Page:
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Mount Hood Hides Secret Earthquake Fault

Mount Hood, Oregon. (Image credit: NASA Earth Observatory.)

Mount Hood, the tallest mountain in Oregon, has a secret, scientists revealed. Covered by trees and plants is an earthquake fault that stretches for miles from the iconic mountain.

The fault appears to have been recently active, and could be an earthquake threat today, reported the Portland Oregonian. Scientists said the last time the fault ruptured, possibly as a magnitude 6 or 7 earthquake, the ground ripped six feet (1.8 meters) apart.

The fault was discovered by scientists flying over Mt. Hood using lasers to scan the terrain. The fault is about 20 miles (32.2 kilometers) long and stretches from the northern flank of Mount Hood to the Columbia River.

Earthquakes are not a foreign concept to Oregonians. The nearby Cascadia Subduction Zone could unleash a magnitude 9 earthquake, similar to the size of the deadly earthquake that ruptured in Japan. Scientists aren't sure how big of an earthquake could rupture from the new Mount Hood fault. The research team, from the Oregon Department of Geology and Mineral Industries, are now working to estimate the threat that the fault poses to nearby communities.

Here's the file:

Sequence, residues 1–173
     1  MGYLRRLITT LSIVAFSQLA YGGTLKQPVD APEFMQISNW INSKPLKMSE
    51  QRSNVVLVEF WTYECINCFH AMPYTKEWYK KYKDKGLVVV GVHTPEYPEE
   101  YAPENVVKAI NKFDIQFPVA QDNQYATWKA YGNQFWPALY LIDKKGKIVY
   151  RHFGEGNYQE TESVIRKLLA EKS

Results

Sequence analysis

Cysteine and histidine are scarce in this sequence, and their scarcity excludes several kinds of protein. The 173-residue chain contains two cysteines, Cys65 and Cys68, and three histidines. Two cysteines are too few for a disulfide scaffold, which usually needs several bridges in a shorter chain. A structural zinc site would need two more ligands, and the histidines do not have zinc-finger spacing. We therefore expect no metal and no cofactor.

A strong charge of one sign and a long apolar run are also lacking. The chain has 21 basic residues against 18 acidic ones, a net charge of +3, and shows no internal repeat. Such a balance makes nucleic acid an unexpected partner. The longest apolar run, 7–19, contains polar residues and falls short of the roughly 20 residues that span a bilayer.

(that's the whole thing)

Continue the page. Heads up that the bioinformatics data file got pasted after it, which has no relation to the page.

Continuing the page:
"We don't know where all the seismic faults exist in Oregon. We don't know how often they cause earthquakes," Oregon State University engineer Michael Olsen, told the Oregonian. "That leads to a lot of uncertainty when we try to design buildings," he says, that are sufficiently resistant to earthquake damage.

In the coming weeks, scientists will dig a trench above the fault line so they can examine the soil for clues about past earthquakes. Looking at how the gravel and dirt has settled after past quakes could tell scientists about the size of previous quakes along the fault.

Live Science Staff
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